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SEPTEMBER 8, 2008
Celebration 2008 California Wine Month
by Cynthia Nims
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Shawn Banayan opened his Mel & Rose wine shop in West Hollywood 15 years ago. Today, his customer base is a diverse one, often well traveled and having sampled wines from many parts of the world. And while the shop caters to collectors looking for that rare bottle to add to their cellar, given the economy of late, more and more of his customers turn to him for value wines. In response to those diverse demands, the shop helps navigate customers to specific wine selections by way of two perspectives: price and region. Whether the customer is looking for an under $20 bottle of wine to serve with dinner that night or wants to explore wines from the North Coast, Banayan and his staff can direct him or her toward bottles that will fit the bill.
When it comes to value wines among California selections, Banayan finds that blended wines offer the best-quality drinking experience relative to price. “Blends often incorporate interesting varietals that a customer might not otherwise see,” including grapes such as Alicante Bouchet, one of the older grapes grown in the state but little used in winemaking today, he points out. In fact, it’s one of the grapes in the offbeat blend used for Hey Mambo Sultry Red’s 2006 vintage, along with Barbara, Syrah, Petite Sirah, Zinfandel, and Carignane grapes.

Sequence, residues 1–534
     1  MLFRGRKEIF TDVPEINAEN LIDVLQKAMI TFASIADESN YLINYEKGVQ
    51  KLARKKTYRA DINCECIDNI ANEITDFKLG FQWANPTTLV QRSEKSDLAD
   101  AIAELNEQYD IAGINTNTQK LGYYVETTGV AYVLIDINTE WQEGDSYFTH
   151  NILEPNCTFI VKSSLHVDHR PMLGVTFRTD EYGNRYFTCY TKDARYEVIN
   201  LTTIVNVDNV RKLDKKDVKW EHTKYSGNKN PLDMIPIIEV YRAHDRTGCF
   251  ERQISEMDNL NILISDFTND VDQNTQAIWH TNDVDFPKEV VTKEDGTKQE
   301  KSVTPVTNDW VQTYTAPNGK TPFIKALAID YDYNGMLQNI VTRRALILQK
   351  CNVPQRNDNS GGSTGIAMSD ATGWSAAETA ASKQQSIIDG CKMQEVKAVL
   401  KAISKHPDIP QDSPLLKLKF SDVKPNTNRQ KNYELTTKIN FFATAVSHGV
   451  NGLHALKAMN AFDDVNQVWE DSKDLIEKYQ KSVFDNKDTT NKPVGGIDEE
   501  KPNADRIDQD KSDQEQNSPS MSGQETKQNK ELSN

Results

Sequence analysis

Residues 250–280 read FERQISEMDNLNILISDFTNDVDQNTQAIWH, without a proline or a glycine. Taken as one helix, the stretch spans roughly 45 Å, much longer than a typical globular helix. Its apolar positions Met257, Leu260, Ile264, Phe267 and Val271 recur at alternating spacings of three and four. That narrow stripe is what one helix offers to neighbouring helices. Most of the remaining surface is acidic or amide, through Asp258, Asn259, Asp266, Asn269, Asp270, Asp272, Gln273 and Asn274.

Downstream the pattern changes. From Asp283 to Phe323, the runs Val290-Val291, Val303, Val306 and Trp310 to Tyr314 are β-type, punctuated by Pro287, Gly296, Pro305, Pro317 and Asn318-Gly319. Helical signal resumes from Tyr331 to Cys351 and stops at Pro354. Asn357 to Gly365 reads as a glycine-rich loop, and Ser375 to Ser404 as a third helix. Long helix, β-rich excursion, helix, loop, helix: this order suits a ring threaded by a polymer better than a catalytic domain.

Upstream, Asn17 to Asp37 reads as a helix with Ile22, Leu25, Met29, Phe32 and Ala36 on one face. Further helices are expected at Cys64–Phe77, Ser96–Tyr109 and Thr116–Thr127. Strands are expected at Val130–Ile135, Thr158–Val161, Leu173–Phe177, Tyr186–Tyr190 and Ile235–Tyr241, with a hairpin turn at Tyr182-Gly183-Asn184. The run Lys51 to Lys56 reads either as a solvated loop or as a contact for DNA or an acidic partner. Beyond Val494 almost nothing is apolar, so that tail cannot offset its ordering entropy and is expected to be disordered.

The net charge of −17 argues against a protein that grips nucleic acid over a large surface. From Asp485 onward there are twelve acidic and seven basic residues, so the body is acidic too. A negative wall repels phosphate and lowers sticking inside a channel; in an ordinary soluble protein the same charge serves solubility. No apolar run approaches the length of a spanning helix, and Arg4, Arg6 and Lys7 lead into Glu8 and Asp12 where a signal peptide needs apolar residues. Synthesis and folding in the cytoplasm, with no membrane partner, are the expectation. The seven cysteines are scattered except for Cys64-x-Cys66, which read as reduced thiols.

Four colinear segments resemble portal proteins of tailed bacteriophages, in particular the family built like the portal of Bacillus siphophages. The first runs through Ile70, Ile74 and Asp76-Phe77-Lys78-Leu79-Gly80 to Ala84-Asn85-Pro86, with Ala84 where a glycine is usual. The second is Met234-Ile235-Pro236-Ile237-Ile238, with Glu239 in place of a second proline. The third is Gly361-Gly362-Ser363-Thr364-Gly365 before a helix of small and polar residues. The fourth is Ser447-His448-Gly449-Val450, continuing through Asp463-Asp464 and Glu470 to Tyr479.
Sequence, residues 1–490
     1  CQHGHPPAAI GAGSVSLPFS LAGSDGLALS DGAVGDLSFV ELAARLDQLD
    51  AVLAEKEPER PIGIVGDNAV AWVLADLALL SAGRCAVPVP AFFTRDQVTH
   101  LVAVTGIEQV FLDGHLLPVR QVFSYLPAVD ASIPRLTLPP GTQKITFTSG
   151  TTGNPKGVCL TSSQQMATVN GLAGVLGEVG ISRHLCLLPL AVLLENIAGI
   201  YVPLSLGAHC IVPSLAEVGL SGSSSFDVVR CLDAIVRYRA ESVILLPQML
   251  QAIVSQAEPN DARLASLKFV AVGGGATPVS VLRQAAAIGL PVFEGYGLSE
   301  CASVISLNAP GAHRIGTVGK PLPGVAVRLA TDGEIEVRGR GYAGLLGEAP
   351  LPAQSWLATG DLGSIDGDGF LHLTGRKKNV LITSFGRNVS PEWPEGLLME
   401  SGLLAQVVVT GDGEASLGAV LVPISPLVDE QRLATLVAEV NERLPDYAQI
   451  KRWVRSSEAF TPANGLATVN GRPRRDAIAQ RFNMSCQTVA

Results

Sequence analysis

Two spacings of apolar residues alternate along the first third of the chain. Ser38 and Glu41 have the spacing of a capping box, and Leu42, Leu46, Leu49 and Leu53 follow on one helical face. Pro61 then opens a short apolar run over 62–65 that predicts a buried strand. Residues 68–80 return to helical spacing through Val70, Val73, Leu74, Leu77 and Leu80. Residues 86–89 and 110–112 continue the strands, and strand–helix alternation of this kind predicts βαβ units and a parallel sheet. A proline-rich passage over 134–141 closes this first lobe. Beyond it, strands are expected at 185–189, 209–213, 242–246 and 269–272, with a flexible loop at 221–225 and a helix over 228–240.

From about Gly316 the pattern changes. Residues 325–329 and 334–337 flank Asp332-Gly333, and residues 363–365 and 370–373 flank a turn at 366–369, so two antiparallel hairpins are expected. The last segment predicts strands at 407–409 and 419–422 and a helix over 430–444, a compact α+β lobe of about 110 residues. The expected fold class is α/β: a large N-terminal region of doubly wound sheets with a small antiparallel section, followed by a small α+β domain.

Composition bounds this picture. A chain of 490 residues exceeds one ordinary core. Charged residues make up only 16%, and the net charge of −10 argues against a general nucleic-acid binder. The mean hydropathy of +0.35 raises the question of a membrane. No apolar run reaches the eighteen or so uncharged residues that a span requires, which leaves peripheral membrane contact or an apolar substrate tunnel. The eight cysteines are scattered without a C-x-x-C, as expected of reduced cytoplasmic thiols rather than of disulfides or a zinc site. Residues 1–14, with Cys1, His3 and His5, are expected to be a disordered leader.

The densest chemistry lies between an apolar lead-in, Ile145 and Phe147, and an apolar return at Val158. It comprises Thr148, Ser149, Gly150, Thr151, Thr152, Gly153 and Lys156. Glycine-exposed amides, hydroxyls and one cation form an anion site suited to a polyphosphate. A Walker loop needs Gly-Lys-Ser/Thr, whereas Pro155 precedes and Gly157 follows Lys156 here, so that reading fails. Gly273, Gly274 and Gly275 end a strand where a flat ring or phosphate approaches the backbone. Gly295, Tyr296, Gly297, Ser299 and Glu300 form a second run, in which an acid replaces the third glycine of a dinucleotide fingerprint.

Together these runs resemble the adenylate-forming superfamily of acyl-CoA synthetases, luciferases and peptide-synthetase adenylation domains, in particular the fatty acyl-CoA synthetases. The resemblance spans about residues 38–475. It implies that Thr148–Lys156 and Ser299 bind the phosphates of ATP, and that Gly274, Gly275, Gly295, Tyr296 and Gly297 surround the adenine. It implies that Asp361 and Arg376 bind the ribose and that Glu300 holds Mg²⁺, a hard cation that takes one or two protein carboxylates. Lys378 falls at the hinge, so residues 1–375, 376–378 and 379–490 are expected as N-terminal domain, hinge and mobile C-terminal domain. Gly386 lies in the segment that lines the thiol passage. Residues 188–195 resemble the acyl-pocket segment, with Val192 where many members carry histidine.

Banayan also frequently recommends rosé. “It’s a wine that works especially well in California, the perfect wine for our climate and lifestyle,” he explains, noting that rosé pairs well with lighter dishes that many Californians enjoy year round. He finds rosé to be a growing category in California. “There can be a wonderful complexity in rosé wines that makes them great to serve with a variety of foods,” he continues. And, Banayan notes that many wine lovers may not realize that their favorite California wineries make rosé in addition to their higher-profile selections. “One that we tell a lot of is Francis Ford Coppola’s rosé, named for his daughter Sofia.” That particular rosé is made with Pinot Noir grapes.
Banayan gladly notices that his customers are increasingly open to trying new things-particularly when the new wine under consideration is at a lower price point. Value wines are “very easy to try, there’s little risk,” he says, encouraging people to explore many different possibilities within California’s wine offerings.
Banayan also frequently recommends rosé. “It’s a wine that works especially well in California, the perfect wine for our climate and lifestyle,” he explains, noting that rosé pairs well with lighter dishes that many Californians enjoy year round.